conjunction with a primary key column, particularly when using the
ORM or any other scenario where the
attribute is required. This is becaue the “post-fetch” operation requires
that the primary key value already be available, so that the
row can be selected on its primary key.
For a server-generated primary key value, all databases provide special
accessors or other techniques in order to acquire the “last inserted
primary key” column of a table. These mechanisms aren’t affected by the presence
FetchedValue. For special situations where triggers are
used to generate primary key values, and the database in use does not
RETURNING clause, it may be necessary to forego the usage
of the trigger and instead apply the SQL expression or function as a
“pre execute” expression:
t = Table('test', meta, Column('abc', MyType, default=func.generate_new_value(), primary_key=True) )
Where above, when
Table.insert() is used,
func.generate_new_value() expression will be pre-executed
in the context of a scalar
SELECT statement, and the new value will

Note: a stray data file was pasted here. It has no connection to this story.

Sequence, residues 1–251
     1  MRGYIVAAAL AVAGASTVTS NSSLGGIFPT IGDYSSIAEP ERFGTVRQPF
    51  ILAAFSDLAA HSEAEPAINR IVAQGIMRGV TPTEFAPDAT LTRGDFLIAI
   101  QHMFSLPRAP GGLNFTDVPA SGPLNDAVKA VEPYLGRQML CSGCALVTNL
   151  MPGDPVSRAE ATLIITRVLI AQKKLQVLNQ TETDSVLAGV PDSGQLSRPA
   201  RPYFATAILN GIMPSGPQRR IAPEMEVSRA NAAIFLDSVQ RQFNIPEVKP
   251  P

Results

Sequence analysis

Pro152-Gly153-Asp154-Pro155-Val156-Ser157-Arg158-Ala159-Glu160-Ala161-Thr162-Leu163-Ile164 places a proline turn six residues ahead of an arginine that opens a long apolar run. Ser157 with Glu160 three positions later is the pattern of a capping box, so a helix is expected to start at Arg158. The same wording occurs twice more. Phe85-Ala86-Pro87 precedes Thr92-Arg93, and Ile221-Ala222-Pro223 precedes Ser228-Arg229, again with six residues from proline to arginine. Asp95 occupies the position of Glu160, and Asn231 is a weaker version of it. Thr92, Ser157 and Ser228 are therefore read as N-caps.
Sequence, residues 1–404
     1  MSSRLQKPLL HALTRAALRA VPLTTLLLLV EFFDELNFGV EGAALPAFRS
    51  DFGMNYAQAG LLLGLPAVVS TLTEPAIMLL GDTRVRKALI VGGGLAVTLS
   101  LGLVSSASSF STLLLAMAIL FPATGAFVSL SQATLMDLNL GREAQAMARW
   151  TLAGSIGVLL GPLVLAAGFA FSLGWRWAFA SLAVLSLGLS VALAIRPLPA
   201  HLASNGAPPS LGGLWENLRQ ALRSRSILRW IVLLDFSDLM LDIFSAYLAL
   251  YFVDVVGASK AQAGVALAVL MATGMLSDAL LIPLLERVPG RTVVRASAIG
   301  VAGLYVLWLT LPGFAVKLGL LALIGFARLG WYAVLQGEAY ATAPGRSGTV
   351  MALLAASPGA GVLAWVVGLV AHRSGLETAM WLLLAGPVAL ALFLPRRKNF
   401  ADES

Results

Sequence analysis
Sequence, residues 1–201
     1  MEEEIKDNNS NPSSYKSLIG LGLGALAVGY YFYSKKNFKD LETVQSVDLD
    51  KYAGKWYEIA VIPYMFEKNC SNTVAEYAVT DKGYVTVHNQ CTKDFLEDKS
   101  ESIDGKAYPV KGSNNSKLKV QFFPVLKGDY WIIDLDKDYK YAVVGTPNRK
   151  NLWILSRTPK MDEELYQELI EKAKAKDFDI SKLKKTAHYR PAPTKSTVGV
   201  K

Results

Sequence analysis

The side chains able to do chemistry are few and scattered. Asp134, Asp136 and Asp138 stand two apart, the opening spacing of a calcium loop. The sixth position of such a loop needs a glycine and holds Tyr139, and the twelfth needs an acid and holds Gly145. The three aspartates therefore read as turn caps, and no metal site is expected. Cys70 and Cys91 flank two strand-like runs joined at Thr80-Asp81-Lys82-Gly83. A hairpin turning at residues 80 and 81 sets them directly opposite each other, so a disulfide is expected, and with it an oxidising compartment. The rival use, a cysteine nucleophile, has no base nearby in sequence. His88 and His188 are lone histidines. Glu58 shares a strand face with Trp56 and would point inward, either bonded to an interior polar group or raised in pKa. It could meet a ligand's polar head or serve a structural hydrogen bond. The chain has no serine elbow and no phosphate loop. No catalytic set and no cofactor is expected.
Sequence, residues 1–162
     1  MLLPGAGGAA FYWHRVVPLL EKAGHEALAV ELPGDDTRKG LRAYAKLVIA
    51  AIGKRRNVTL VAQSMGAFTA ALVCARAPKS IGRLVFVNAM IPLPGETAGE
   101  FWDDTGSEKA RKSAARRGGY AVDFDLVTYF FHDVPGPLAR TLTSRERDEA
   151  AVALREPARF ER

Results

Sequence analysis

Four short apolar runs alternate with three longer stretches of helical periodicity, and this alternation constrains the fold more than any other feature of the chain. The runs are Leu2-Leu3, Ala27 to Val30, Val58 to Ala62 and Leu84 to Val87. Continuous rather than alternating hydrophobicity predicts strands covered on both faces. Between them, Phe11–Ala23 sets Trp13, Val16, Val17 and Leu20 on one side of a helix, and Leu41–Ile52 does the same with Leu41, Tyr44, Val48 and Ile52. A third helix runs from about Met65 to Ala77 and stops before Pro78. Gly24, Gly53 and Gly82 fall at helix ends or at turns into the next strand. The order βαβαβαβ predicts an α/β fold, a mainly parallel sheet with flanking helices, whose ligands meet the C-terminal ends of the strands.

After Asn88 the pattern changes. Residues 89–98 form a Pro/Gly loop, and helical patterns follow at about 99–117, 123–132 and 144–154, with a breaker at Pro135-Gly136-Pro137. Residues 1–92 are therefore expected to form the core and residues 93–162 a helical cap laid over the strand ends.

be applied to the subsequent
INSERT, while at the same time being
made available to the
SQLAlchemy represents database sequences using the
Sequence object, which is considered to be a
special case of “column default”. It only has an effect on databases which
have explicit support for sequences, which currently includes Postgresql,
Oracle, and Firebird. The
Sequence object is
Sequence may be placed on any column as a
“default” generator to be used during INSERT operations, and can also be
configured to fire off during UPDATE operations if desired. It is most
commonly used in conjunction with a single integer primary key column:
table = Table("cartitems", meta, Column("cart_id", Integer, Sequence('cart_id_seq'), primary_key=True), Column("description", String(40)), Column("createdate", DateTime()) )
Where above, the table “cartitems” is associated with a sequence named “cart_id_seq”. When INSERT statements take place for “cartitems”, and no value is passed for the “cart_id” column, the “cart_id_seq” sequence will be used to generate a value.
Sequence is associated with a table,
CREATE and DROP statements issued for that table will also issue CREATE/DROP
for the sequence object as well, thus “bundling” the sequence object with its